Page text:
They want as much of the theater going experience to be contactless as possible, so expect to order concessions over an app instead of waiting in line, and you know, having to pick those up in person. The experience will also be more private. They will continue private screenings for now. They started that during the pandemic and it turned out to be really lucrative. So you can basically rent out an entire theater for yourself and your friends, whoever you're comfortable with.
Third, you know, theaters want to be your first stop away from home. They-- they have changed the experience to be more luxurious. They want a certain loyalty. They want frequent moviegoers to come back again and again. Those are the moviegoers who go see a movie at least once a month, and they hope to increase that number. So they're going to start those subscription services again.
And finally, on a more depressing note, I think moviegoers can expect to see more closures, especially of smaller theaters such as, here in Los Angeles, you know, the Pacific Theaters, the ArcLight Cinemas, those closed rather recently. And there are probably going to be more to come.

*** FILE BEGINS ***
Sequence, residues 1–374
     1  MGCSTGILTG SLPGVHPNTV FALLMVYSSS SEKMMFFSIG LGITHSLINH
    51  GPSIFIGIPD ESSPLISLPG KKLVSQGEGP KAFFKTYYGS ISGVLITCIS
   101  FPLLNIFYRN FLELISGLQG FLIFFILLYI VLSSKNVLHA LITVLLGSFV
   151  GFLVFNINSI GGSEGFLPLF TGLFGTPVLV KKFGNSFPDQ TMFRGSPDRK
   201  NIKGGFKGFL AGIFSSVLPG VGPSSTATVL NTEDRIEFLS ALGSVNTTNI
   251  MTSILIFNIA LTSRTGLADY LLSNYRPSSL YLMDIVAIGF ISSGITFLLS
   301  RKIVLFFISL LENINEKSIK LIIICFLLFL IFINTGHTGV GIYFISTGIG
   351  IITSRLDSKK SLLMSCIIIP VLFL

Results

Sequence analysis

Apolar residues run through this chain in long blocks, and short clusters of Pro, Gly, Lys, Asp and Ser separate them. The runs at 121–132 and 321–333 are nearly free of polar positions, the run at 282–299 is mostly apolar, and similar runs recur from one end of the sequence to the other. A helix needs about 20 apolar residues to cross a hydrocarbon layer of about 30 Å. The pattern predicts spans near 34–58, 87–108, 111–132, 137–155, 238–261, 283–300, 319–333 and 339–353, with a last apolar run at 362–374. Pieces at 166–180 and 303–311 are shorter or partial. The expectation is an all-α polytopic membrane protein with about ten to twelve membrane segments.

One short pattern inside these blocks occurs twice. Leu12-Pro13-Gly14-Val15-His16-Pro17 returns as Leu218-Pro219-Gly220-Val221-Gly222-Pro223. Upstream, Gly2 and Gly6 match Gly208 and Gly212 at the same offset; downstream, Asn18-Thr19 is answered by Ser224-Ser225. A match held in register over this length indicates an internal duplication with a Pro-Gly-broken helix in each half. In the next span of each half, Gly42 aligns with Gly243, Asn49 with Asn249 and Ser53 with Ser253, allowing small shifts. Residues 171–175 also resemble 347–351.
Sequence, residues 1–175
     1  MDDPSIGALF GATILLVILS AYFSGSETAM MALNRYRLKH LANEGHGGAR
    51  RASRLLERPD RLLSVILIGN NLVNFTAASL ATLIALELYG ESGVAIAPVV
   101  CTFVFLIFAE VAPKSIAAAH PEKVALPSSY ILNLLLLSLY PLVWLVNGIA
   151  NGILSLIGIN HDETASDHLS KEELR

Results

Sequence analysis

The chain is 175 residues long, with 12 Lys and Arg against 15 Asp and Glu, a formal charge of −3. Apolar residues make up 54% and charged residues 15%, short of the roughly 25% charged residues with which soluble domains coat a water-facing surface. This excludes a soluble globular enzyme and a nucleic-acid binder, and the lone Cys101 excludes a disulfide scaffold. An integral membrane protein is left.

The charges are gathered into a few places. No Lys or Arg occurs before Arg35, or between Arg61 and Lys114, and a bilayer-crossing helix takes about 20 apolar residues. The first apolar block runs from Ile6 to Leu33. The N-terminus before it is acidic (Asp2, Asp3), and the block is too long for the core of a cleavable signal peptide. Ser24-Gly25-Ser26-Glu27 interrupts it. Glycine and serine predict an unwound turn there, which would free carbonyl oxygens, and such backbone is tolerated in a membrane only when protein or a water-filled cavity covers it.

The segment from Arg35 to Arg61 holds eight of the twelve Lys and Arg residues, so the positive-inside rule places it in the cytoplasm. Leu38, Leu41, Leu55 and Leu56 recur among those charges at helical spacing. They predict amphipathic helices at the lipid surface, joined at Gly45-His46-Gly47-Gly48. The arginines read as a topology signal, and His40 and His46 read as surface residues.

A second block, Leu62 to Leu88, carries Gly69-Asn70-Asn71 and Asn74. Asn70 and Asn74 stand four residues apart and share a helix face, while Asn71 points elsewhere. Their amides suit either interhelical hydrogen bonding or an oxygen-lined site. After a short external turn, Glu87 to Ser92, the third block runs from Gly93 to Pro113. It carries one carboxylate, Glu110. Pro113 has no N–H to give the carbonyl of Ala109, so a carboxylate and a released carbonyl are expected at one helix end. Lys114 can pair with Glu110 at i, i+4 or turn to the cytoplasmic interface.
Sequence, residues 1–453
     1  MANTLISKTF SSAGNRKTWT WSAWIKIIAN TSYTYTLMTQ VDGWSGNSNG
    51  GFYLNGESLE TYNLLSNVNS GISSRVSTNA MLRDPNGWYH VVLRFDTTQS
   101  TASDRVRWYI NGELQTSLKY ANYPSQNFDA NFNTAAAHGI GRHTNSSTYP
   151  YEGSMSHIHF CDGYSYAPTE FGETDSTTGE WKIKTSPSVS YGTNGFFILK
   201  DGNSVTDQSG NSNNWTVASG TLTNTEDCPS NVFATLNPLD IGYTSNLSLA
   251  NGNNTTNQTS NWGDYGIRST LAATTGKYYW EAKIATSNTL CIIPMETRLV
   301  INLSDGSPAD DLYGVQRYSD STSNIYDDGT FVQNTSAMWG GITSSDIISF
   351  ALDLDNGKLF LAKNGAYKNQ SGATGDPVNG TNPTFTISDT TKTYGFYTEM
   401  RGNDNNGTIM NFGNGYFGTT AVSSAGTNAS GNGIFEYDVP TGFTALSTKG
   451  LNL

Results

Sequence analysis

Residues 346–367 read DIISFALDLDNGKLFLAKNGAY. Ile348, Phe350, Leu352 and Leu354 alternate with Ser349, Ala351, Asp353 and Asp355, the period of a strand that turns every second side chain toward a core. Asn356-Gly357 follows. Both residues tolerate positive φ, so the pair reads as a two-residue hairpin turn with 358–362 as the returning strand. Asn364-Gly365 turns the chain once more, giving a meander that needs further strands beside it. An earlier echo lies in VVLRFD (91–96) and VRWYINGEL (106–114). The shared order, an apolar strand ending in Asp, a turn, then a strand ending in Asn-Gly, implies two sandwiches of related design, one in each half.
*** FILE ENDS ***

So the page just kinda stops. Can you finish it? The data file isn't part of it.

- And the ones that did survive, it seems barely survived. What must these theaters do to bring people back? Are they-- you know, do they have ways of luring people back? Are there incentives? And what are the hurdles they're facing?
SHIRLEY LI: Well, there are a couple of things. I think the owners that I spoke to, they are trying to emphasize how clean the theaters are. You know, for anyone who's uncomfortable with going back out again, they are trying to emphasize that there are precautions in place, mask wearing, staffers are cleaning theaters between every showing, so you can expect there to be more time between showings. You don't have to push past people again to get to your seats, at least for the time being.
The subscription services I mentioned, you know, loyalty rewards clubs, you can see these theaters making a push for those programs. They really want you to go back to theaters. But from the studio-- and I'll say that you'll notice there are a lot of horror films coming out this summer, as well as films targeted toward a younger audience, because through the research over the past year, despite the tumbling box office, they noticed that younger people are more likely to return to theaters more quickly.